I eventually learned from his granddaughter that William Henry Stone was the third son in the family and it was traditional for the third son in an Irish Catholic family to become a priest. He did not want to do that, so he ran away from home at age 15 and lied about his age in order to join the California National Guard. That would have been 1895 or 1896. By 1909 when he went to the canal zone, he had been discharged from the National Guard. He must have joined the Army at some point after he received his 4-year bar in 1913 since the army inscribed on his headstone that he fought in both World War I and World War II.

All these facts were teased out one at a time from information I found online. Each document or narrative that gave me an additional fact allowed me to do another search by combining it with previously ascertained names, places, or other information.

William Henry Stone’s only child, William Francis Stone was born 6-4-1916 in Ancon in the Canal Zone. William Francis Stone was living in Los Angeles in 1935 and was single and living in Berkeley in 1940. He married Joyce Ellen Horgan (born in San Francisco 7-11-1918; she died there on 9-28-2003) who was a single medical assistant in 1940, living in San Francisco. And they had six children. Only their firstborn, Pamela A. Stone survived. Sadly, the other five babies were either stillborn or died the same day they were born. (Twin girls 8-22-1952; a boy 6-8-1953, a girl in July 1954, and another girl 8-25-1957.) William Francis Stone died 5-6-1992 in San Francisco.

Their daughter, Pamela Ann Stone, was born in San Francisco. She married and at 22 she had a son, Francis “Frank” also born in San Francisco. She and her husband divorced when Frank was young and she eventually relocated to Fresno, CA. Frank earned a degree in Mechanical Engineering from UC Davis. While a student there in the mid-late 1990’s, Frank was part of a group working on “Future Car”. From their report cover I found the names of the classmates he collaborated with and tried searches using his name with each of theirs in an effort to locate him.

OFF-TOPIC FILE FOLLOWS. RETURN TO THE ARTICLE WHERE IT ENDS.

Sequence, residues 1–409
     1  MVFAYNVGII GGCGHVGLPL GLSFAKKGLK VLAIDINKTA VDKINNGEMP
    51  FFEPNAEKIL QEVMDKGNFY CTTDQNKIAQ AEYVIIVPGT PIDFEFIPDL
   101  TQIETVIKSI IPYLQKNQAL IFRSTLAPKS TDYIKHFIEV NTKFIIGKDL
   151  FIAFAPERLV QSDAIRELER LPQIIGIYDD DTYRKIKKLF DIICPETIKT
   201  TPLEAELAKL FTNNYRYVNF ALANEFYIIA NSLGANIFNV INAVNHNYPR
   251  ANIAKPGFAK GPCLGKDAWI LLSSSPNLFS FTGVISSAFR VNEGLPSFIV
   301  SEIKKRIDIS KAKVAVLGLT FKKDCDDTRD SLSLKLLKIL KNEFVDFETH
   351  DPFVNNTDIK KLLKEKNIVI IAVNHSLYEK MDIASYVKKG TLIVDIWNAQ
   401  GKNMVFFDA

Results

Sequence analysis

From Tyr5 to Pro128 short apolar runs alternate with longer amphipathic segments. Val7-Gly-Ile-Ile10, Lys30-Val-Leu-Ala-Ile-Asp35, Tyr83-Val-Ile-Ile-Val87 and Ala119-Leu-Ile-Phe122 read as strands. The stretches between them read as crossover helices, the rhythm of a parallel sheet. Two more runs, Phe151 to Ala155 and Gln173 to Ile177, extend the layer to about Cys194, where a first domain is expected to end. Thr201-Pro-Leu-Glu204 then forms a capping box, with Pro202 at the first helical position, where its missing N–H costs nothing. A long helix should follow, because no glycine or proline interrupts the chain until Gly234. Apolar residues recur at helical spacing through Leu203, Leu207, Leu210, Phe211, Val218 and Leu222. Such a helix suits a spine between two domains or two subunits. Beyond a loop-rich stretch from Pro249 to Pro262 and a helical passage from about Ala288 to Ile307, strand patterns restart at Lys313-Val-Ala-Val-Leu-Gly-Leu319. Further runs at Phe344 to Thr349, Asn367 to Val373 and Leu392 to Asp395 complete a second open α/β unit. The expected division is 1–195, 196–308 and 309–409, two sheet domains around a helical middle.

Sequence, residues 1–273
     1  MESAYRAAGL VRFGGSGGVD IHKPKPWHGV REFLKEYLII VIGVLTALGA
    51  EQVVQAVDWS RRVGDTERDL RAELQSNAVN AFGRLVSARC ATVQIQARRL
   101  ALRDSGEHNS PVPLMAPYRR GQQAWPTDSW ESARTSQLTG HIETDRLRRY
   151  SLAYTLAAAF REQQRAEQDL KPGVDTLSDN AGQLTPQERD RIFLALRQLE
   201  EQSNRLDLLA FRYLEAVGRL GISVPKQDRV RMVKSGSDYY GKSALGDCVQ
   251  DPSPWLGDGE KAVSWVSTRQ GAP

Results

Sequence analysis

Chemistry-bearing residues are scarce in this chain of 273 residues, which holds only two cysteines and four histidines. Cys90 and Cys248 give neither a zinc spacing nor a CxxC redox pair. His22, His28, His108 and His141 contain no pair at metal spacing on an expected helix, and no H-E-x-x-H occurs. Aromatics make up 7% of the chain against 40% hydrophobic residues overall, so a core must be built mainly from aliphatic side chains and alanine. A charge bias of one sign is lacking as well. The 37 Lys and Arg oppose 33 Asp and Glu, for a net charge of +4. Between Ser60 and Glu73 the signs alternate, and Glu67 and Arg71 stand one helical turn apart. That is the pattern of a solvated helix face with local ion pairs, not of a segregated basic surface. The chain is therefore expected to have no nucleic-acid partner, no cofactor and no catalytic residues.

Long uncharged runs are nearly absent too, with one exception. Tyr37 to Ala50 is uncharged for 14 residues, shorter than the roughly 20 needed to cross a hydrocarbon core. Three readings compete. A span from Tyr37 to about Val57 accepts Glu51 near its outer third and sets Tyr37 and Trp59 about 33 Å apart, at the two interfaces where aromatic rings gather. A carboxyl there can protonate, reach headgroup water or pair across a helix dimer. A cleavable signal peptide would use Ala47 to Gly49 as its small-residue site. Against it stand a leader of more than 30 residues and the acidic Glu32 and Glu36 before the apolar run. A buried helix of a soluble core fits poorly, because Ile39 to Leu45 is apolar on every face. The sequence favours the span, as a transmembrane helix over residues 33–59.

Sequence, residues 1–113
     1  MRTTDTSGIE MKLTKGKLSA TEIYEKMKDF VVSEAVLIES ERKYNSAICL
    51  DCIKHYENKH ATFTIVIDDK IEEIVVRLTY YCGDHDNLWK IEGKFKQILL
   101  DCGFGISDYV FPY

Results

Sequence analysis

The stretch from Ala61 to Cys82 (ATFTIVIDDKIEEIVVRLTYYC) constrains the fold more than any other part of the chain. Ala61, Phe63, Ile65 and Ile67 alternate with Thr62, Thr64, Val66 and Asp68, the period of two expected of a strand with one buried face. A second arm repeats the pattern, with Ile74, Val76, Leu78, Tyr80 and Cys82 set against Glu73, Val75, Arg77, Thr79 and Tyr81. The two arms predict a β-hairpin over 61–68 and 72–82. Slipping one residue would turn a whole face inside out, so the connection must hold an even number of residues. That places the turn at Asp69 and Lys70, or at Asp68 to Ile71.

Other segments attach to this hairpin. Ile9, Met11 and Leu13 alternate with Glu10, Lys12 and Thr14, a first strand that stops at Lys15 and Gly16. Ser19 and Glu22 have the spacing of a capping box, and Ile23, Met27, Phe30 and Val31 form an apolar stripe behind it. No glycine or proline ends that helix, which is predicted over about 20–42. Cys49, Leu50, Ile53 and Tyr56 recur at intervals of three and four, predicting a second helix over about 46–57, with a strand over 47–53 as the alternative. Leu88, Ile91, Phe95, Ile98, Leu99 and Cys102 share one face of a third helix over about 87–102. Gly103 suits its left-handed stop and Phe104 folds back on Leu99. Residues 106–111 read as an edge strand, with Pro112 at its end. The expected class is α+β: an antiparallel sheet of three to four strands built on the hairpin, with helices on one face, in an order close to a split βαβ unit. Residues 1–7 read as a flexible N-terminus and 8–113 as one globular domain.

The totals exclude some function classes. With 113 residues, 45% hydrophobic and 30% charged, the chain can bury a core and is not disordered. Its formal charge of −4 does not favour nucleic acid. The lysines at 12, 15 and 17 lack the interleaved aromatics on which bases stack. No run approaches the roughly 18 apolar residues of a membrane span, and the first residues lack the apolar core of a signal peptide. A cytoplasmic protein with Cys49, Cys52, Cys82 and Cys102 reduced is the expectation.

I found a 2005 post where his friend Del mentioned that Frank was known as Frank the Tank and that he had moved from northern to southern California. He was working for a firm which makes shock absorbers and Del stated that Frank was a supporter and fan of racing and all things with wheels.

Another friend mentioned the name of Frank’s fiancée and that they were planning to marry in Puerta Vallarta in late 2008. When I did a search with Frank’s name and his fiancée’s, I found their engagement announcement in his fiancée’s hometown newspaper.

From a forum thread started by Frank’s friend Fred, I learned that the wedding was lovely but there was a tragic accident at the reception when Frank jumped into the pool and woke up days later in a San Diego Hospital, a quadriplegic.

I located a record of Frank selling his home, which provided his mother Pam’s address in Fresno. A fairly simple search then yielded a phone number and I learned she was back in San Francisco. We met shortly after that and I was finally able to return the medal to the family of W. H. Stone. Pam shared wonderful memories of her grandfather and planned to pass the medal on to her son.

Her happiness at receiving her grandfather’s medal and my thrill at finally solving the mystery meant far more to me than the money I might have gained by selling the medal.